Reading Rainbow aired on PBS for 23 years and this week, Levar Burton raised more than 3 million dollars (and counting) to bring it back for the 21st century. As a parent I’m really happy about that. Reading Rainbow was a great series for kids and it will be again. In the age of the internet, video games, Netflix and thousands of channels of television reading can be a hard sell. If it doesn’t sound like fun, kids won’t do it.

However, the problem doesn’t end with childhood. Most people, including adults who don’t read, would agree that adults should read more. Adults have less free time than children and even more options for spending that time. According to a Pew Research poll conducted in 2013, 24% of American adults don’t read books.

On the surface a 76 percent rate for reading doesn’t sound bad, but all the poll says is 76 percent of adults say they read. Not many people will openly admit to strangers that they don’t read. Also, the poll only asked whether people had read a book in the last year. The median was 5 books in the last year, which means that for every bookworm out there there is someone who maybe reads one book annually.

Part of the problem, I think, is that people don’t know what to read or at least that they don’t get excited about it. There are book review and discussion programs out there, but most of them are fairly dry. Some of the programs have an almost funeral like atmosphere and others are so analytical that you’ll want an English lit degree if you hope to enjoy the program.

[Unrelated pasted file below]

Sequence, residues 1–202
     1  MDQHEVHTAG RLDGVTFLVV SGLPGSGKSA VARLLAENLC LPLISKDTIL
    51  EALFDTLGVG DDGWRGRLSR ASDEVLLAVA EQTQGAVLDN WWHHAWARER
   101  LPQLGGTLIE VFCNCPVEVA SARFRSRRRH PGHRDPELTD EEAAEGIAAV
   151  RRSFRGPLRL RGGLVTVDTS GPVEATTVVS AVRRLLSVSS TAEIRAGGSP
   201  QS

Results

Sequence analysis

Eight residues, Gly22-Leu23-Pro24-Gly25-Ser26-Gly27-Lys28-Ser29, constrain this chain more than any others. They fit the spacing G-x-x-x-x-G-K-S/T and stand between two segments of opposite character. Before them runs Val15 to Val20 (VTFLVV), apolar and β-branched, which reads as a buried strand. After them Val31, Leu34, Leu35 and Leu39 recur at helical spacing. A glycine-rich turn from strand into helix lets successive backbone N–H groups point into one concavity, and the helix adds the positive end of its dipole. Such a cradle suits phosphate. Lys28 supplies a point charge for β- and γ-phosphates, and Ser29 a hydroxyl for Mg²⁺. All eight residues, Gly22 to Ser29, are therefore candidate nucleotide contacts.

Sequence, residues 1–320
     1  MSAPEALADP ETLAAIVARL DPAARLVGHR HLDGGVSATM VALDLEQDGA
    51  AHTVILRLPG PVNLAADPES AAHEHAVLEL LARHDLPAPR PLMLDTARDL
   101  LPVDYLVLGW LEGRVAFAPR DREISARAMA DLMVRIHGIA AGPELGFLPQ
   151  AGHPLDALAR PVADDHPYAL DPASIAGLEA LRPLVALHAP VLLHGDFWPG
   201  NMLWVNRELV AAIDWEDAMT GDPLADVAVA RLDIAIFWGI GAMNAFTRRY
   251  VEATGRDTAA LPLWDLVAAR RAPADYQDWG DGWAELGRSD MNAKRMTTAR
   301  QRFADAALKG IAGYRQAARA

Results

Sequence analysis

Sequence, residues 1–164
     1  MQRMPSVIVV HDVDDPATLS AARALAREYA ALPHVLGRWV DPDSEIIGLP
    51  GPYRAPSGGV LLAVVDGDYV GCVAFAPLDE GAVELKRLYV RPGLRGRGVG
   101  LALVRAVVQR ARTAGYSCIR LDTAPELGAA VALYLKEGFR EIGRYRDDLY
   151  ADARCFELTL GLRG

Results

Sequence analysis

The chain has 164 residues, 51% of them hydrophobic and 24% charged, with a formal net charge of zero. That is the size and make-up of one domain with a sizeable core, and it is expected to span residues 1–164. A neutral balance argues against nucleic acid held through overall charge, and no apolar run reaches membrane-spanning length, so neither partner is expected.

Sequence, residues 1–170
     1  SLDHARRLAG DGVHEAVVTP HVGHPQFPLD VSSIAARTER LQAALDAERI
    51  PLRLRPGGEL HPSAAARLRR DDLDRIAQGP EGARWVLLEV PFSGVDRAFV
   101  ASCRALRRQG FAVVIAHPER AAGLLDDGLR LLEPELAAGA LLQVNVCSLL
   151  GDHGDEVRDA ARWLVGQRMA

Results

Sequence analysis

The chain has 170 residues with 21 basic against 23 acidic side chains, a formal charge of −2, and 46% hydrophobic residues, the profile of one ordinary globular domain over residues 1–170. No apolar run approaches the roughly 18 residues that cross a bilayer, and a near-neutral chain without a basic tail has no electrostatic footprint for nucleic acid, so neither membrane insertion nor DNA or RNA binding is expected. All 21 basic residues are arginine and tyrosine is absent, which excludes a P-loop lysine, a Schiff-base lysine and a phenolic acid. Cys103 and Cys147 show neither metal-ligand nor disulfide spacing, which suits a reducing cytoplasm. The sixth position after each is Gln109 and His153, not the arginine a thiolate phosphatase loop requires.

Nostalgia aside, Reading Rainbow made the books sound fun. From Wikipedia:

Each episode centered on a theme from a book, or other children’s literature, which was explored through a number of segments or stories. The show also recommended books for kids to look for when they went to the library.”

I’m not suggesting that it should be goofy and childish, but it is possible to recommend books and discuss literature without making it sound like a eulogy or a grad school thesis. There could be a host who was genuinely excited about books, with guests who were excited about books who share that enthusiasm with the audience. Rather than sit in a studio and have sober discussions, the cast could go to the locations where the books are set or locations that fit with the books theme.

It doesn’t even have to be purely about fiction. Science, history, politics, and other topics can be exciting if you find people who are excited about them and are able to communicate that. The show doesn’t have to have Levar Burton either, though it would be nice.